©1988 Randy Brandon
Above: Chugach Powder Guides in Girdwood and co-founder Dave Hamre, started operating heli ski tours in the Chugach Mountains in 1996. They have expanded into snowcat skiing with trips offered out of Alyeska Resort and their local office in Girdwood.
Below: The Roundhouse at Alyeska before the tram was built. The Roundhouse is now a museum depicting the history of Girdwood and Turnagain Arm area.
By Chris von Imhof
Special to the Turnagain Times
The new Alyeska Prince Hotel opened in August of 1994 with a Grand Opening Party.
In Japan during the booming economic era, the philosophy was “If you build it, they will come.”
However, Alyeska Resort in Alaska is far away from the major population centers of the USA and unfortunately the marketing and sales effort was limited, so there was little business on the books. So the first season the business for the hotel was slow and consisted primarily of guests from Southcentral Alaska at discounted local rates.
The new Japanese general manager, Joe Saito, called me on several occasions in Hawaii and was hoping that I would request that I return back to Alyeska Resort.
Since I originally convinced Seibu and Prince Hotels to purchase Alyeska, I felt a sense of obligation to return to Alaska. I presented to our head office in Tokyo, Japan, a business and marketing plan for Alyeska Resort and requested after 10 years in Hawaii to return back (in Hawaii my friends and staff thought I was crazy to request to go back to cold Alaska).
So in April of 1995 I left the Prince Hotels in Hawaii and restarted my position as general manager of Alyeska Resort.
By that time the economy in Japan had reached a recession and I was informed by our head office that no more money would be coming from Japan to support the Alaska operation.
Photo courtesy of Steve McCutcheon Collection
Well, with little business on the books, I knew I had a big challenge to successfully operate the resort. My main effort was directed to market and sell the beautiful Alyeska Prince Hotel and Resort in Alaska and the Lower 48 states.
It took a couple of years and a lot of negotiations with US tour companies, meeting planners and local businesses to build a summer and winter market for the Hotel and Resort.
Dave Hamre, a friend of mine, had plans to start up a Heli Ski operation in the Chugach Mountains and in 1996 he formed Chugach Powder Guides with several partners, and I promised Alyeska Resort would support their marketing effort.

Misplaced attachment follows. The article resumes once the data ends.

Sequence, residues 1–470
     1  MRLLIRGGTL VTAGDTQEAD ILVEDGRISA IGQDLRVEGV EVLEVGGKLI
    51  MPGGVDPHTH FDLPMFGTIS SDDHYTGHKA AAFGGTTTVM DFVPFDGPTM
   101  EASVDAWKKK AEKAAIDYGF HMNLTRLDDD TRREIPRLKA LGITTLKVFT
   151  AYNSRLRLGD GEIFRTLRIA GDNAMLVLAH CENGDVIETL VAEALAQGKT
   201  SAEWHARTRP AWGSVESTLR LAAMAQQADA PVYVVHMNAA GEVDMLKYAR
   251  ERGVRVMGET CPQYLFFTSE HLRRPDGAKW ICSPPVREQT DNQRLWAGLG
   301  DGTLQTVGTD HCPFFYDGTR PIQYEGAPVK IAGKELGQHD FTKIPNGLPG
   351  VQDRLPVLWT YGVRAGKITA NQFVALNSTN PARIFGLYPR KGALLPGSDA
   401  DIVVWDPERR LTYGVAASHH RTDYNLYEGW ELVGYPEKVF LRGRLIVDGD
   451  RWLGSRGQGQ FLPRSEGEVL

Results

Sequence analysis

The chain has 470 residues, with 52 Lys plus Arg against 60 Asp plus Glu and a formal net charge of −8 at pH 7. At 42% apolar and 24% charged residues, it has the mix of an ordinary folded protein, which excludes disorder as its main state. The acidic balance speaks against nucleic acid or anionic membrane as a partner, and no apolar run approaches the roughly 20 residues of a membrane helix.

Over the years CPG has made a lot of progress to develop a US and European ski clientele and offers not only a superb Heli Ski product, but also Snowcat skiing. However, CPG only had an annual operating permit from the US Forest Service, which made it very difficult to sell the Heli Ski tours in advance and attract investors.
A group of local skiers including Per Bjorn Roli and I decided we needed to have a Girdwood and Alyeska organization to support such worthwhile business enterprises. So, in the year 2000 we formed Girdwood 2020 with about 12 charter members. Over the years Girdwood 2020 has developed into a very positive advocacy group that has raised funds for various Girdwood projects including the Alyeska Roundhouse Museum.
When I returned from Hawaii, Larry Daniels informed me that the owner Mr. Tsutsumi had given orders when the new tram terminal on top of Alyeska was completed to tear down the original Roundhouse. However, since I had been at Alyeska from the early days, when the Roundhouse at the top of Chairlift #1 was the first and only mountain building, I wanted to save it.
I contacted Ms. Judy Bittner, director of the Alaska State Historic office, and requested if possible to get the Roundhouse listed on the National Historic Register so it could be saved and protected from destruction.
We got the process started when Mr. Y. Tsutsumi came for his first visit to see the new Alyeska Prince Hotel in 1997. We took the tram up to the top to have dinner at our elegant Seven Glacier Restaurant. Well, he saw of course the Roundhouse still standing and asked me why it was still there? Of course, I expected this question and informed him in a very official manner, “The Roundhouse is now planned to be listed on the US National Historic Register and therefor protected by the United States of America.”
He looked at me kind of funny then smiled when I told him we were planning to make a museum out of the top portion of the building and renovate the lower portion and make it the ski patrol headquarters.
He told me OK, but we could not spend any Alyeska company funds for this project.
I am proud to say after almost 10 years of fundraising with the great support of Girdwood 2020, Girdwood, Inc. and organizations including the Rasmuson Foundation, the Atwood Foundation, U.S. Sen. Ted Stevens and many others, we raised over $2 million to restore the building from the new foundation to the roof.
We opened it officially as the Roundhouse Museum in 2007, and it depicts the history of Girdwood and Alyeska and surrounding Chugach mountains and Turnagain arm area.